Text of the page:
Sunday, April 15, 2007

Cold Mountain

It is not often that I finish a book and want to start re-reading it immediately. It is not often that I am reduced to tears by a novel, that I feel so much a part of the world the author has created that I feel the characters' pain as though it is my pain. Part of me wants to not review Cold Mountain because how can I possibly explain the profound experience of reading it?

I'll try, because I want to tell people how much I loved this novel, but you will have to take some of my praise on faith because I don't think I can do Cold Mountain justice.

Cold Mountain by Charles Frazier takes place during the Civil War. Inman is a Confederate soldier who has experienced the horrors of some of the worst battles of the war. He begins the novel in hospital, recovering from a gun wound to the neck and is resolved to no longer fight in a war that he doesn't believe in. Therefore he begins his long, painful and dangerous journey back to his mountain home and to Ada, the woman he loves.

Frazier alternates between Inman's story and the story of Ada and her battle to survive on the home front. Ada's father has died leaving her alone and penniless on their farm. She finds a life of relative wealth has ill-prepared her for the subsistence lifestyle she must now face. Her saviour comes in the form of Ruby, a resourceful young woman whose tough, impoverished upbringing has prepared her well for these difficult times. The two women develop a close, symbiotic relationship that transcends their class differences and allows each woman to discover her ability to adapt and survive.

Frazier writes wonderfully about people and about the natural world. His work is meticulously researched, so that the reader feels intimately acquainted with the landscape that Inman passes through. His local knowledge is reminiscent of the novels of Annie Proulx in attention to detail. Frazier's descriptions are always fresh. He is a master of the simile in particular; snow and cold smell 'like sheared metal', snow comes down 'soft and fine like ground cornmeal falling from between millstones'.

Inman's journey through the countryside and his encounters along the way allow Frazier to show various aspects of the rural South and the effect that the war has had on it . Frazier touches on the issue of slavery, but his focus is on the effect of the war on those white Southerners who had little or nothing to begin with, the poor men who fought a war designed to protect the interests of the rich and powerful. Inman encounters ignorance, cruelty, eccentricity and kindness in the people who help, and hinder, his passage home. And all the time the prospect of his reunion with Ada, with whom he has a tentative but powerful connection, draws him on.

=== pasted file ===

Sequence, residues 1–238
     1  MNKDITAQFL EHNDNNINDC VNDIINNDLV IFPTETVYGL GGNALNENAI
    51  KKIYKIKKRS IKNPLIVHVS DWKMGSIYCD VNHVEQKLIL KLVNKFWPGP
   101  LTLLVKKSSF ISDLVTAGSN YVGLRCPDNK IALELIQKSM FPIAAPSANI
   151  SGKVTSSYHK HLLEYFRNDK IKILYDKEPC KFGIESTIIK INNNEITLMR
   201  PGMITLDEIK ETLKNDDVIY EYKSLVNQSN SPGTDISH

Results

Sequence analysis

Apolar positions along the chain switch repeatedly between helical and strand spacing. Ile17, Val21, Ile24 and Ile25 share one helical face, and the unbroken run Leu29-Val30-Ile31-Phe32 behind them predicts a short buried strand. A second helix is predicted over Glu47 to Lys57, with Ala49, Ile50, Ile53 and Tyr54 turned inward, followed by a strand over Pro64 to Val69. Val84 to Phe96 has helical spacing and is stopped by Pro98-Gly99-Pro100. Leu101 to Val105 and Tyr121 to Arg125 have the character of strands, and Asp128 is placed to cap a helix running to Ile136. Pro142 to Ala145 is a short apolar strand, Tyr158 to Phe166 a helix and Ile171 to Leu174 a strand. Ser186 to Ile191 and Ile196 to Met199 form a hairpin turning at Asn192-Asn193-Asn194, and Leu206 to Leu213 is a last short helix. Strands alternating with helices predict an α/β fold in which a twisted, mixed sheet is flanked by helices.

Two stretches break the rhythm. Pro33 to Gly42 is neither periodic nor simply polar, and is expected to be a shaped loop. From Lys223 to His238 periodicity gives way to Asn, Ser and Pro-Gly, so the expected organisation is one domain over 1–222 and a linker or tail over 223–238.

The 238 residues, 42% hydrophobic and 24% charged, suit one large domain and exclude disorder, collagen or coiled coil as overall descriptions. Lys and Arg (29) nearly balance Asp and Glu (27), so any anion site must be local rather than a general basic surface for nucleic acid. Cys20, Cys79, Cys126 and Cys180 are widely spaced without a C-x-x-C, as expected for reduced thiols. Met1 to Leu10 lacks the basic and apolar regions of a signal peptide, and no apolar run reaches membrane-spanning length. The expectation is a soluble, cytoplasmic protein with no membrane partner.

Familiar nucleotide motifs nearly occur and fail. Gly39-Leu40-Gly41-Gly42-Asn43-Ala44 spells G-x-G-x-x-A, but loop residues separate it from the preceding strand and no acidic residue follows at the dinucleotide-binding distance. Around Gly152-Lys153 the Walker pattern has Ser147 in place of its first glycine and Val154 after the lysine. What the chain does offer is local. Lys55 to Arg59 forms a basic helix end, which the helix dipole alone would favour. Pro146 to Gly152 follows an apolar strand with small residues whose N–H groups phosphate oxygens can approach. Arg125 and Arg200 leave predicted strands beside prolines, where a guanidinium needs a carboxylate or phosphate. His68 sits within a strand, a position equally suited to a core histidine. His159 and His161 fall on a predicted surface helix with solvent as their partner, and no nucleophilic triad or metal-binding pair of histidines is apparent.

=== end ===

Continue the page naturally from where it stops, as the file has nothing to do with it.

Cold Mountain is filled with an ache. It is the ache of Inman and Ada for each other, an ache for better times, times in which acts of random violence don't intrude on life with astonishing frequency. It is the ache of hunger and physical pain, the aching beauty of nature in its softness and its cruelty, the ache of hope and the ache of despair. This pain, this rawness, fills each page and made reading this novel such a powerful and moving experience. Cold Mountain effected me more powerfully than almost any other novel I have read. It is an amazing literary achievement, particularly considering it is Frazier's first novel. The beauty of his writing, the sensitivity of his characterisations and ultimately the irresistible pull of the narrative made this my new favourite novel and one which has raised the standards by which I will judge all other novels I read from now on.


missv said...

I bought myself a copy of this the other day inspired by your previous post.

jess said...

I hope you enjoy it!

Smithereens said...

Finishing Cold Mountain and wishing I could start all over again, I had the same experience as you!

sabine said...

I'm usually an avid re-reader, but after I read Cold Mountain ten years (reading into the small hours, dissolved into tears), I told myself I'd never, ever read it again. Not because it is bad, but because it is so utterly heart-wrenching. The ending is almost unbearably cruel.

My English is so much better now than it was ten years ago, though, that I'm sure I'd find a completely different book. It's still sitting on the bookshelf, all menacing and calm in its blue cover... Should I?